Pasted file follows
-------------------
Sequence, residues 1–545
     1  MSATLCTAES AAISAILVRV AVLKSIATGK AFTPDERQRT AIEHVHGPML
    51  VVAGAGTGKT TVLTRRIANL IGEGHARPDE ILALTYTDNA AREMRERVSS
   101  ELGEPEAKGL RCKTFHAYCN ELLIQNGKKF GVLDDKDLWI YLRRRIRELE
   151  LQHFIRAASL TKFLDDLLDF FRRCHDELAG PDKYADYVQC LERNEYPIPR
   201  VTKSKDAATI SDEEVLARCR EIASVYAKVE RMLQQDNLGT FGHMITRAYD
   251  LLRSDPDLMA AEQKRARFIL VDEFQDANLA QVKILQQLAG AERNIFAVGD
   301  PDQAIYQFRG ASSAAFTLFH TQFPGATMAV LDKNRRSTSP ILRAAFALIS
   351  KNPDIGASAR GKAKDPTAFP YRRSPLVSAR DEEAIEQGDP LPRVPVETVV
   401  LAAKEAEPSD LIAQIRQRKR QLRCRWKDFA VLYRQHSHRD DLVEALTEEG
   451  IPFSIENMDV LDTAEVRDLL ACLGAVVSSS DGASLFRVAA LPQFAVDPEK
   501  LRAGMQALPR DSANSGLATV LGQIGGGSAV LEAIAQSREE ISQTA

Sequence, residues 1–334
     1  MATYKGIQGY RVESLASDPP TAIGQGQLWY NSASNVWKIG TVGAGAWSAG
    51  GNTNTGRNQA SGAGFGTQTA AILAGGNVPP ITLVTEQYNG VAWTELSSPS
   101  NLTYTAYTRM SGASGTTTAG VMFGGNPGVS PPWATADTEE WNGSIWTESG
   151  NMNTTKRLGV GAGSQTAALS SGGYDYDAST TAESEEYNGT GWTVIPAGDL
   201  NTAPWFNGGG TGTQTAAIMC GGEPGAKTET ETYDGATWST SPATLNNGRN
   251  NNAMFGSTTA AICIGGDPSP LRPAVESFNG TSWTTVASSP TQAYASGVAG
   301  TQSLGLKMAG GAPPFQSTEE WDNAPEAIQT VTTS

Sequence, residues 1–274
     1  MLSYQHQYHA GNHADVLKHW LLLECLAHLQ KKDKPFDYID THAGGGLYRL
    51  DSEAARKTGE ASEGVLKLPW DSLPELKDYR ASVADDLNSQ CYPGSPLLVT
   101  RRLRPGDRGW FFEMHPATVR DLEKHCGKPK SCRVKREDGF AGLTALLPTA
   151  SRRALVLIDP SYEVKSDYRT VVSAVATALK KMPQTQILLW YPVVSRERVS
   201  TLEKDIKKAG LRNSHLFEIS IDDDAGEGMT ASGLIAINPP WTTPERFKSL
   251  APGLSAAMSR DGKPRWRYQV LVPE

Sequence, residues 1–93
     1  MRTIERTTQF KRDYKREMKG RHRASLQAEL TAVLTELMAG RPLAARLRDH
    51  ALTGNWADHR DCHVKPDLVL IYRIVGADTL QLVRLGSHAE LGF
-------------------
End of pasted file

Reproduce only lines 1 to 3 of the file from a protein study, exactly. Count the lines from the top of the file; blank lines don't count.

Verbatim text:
Sequence, residues 1–545
     1  MSATLCTAES AAISAILVRV AVLKSIATGK AFTPDERQRT AIEHVHGPML
    51  VVAGAGTGKT TVLTRRIANL IGEGHARPDE ILALTYTDNA AREMRERVSS